Ethical consideration

Ethical approval to conduct the study was obtained from the Research Ethics Committee (HREC: Ref. No. 347/2019) of the University of Cape Town, as well as GSH, Department of Health, Western Cape.


Data analysis

Over a 36-month period (01 January 2016–31 December 2018), the BC contamination rate in GSH ranged from 2.2% to 4.5% per month, with an average BC contamination rate of 3.3% over the 3 years. The contamination rate was below 3% during 10 of the 36 months of the study period. In comparison, a private hospital facility with a phlebotomist team had an average contamination rate of 1.3%, a tertiary-level hospital other than GSH 4.3%, secondary-level hospitals 4.5% and district hospitals 6.7%. The district-level hospitals had 26 months with contamination rates twice above the CLSI standards, whilst the phlebotomist team only crossed that barrier once during a 3-year period (Figure 1). In total, the NHLS, GSH microbiology laboratory received 126 490 BC samples over the 3 years. From the BCs submitted the mean age of patients was 32.6 years (standard deviation [SD] 25.1 years), whilst 49.6% of the patients were men.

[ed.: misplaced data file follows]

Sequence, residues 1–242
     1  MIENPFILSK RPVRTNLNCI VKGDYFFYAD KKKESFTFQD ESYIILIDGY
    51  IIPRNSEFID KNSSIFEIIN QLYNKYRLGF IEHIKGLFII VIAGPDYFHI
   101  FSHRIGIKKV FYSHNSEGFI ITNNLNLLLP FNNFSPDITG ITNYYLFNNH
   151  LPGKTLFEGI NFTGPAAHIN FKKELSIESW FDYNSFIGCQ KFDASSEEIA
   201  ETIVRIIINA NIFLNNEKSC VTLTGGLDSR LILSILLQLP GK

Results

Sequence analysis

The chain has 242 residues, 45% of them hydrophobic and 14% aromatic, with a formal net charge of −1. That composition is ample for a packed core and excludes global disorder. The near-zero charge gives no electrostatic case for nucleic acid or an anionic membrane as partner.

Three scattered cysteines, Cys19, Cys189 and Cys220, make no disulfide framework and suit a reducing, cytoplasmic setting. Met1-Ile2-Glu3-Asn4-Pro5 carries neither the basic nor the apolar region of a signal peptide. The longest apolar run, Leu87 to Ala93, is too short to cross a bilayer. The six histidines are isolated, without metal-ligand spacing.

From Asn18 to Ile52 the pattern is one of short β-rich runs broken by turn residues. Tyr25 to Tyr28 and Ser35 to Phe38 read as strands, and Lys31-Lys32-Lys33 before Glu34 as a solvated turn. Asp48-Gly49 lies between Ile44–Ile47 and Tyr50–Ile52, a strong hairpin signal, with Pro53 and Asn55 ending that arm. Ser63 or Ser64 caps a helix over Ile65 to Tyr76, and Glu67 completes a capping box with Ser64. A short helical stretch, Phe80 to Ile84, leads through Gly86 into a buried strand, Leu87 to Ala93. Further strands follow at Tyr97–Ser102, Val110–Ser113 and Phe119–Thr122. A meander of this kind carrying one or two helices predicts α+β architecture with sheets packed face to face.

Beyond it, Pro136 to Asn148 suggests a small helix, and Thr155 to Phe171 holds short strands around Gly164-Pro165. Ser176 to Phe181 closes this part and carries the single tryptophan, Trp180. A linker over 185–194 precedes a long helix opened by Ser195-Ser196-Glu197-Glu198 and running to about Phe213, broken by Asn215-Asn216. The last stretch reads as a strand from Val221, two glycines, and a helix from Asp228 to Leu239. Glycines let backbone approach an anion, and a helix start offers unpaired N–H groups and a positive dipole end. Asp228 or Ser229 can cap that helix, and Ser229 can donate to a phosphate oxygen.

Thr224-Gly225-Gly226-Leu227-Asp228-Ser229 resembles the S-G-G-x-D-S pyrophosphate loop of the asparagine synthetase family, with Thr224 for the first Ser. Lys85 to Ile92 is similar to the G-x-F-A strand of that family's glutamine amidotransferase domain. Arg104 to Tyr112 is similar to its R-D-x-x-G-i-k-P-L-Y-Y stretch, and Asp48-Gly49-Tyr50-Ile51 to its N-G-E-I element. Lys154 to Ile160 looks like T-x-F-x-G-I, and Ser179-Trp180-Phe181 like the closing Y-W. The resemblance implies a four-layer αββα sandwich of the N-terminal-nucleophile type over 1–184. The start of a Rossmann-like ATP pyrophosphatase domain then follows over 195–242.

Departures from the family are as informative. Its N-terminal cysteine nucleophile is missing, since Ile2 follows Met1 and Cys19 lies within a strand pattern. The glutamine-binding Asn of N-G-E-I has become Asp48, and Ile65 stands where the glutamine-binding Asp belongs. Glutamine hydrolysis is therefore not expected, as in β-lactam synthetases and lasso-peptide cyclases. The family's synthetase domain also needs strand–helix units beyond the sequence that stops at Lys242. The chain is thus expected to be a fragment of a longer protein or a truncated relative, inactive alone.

FIGURE 1: Blood culture contamination rates in different level hospitals with and without the educational intervention compared to the Clinical and Laboratory Institute International standard benchmark of 3%, between 01 January 2016 and 31 December 2018.